Flying While Pregnant

Is air travel during pregnancy safe for my baby?

There is no scientific evidence that air travel is harmful to you or your baby. The changes in air pressure and humidity routinely encountered while flying do not increase the risk of obstetric complications, such as premature labour. Similarly, the radiation dose which women receive while flying is negligible and does not cause harm. Seat belts can be safely worn while flying: indeed, they are a requirement. Simply tighten the belt below your pregnant abdomen, at the top of your thighs.

Can you guarantee me no problems while flying?

Nobody can predict the future and even the lowest-risk pregnancy carries a small risk of unexpected complications.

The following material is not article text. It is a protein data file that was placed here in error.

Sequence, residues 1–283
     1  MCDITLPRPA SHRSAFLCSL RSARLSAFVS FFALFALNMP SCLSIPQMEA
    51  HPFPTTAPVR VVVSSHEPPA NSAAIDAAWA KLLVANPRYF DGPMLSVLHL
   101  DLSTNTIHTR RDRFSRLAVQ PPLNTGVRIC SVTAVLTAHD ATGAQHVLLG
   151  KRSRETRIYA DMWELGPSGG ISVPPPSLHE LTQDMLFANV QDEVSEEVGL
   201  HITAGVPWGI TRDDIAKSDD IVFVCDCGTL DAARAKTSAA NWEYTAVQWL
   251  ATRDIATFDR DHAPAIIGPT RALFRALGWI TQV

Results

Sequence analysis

• If a problem was to arise during a long flight, you won’t be able to access healthcare quickly. This is why long-haul flights should be avoided where possible.
  • Consider the quality of healthcare available in your destination – this varies greatly between countries.
  • Because flying requires long periods of immobilisation, pregnant women have a risk of a blood clot in the leg. You should purchase a pair of tight flight stockings to wear and stay well hydrated.
  • The discomfort of air travel may worsen some of the common symptoms of pregnancy, including leg swelling, nasal congestion and motion-sickness.

What documentation do airlines require for pregnant women who wish to fly?

The precise documentation required to allow air travel during pregnancy varies from airline to airline. It is always advisable to check with the individual airline ahead of travel, to avoid difficulties on the day.

  • FRANZCOG
  • Mater Hospital
  • North Shore Private Hospital
  • The University Of Sydney
  • Royal College Of Obstetricians and Gynaecologists
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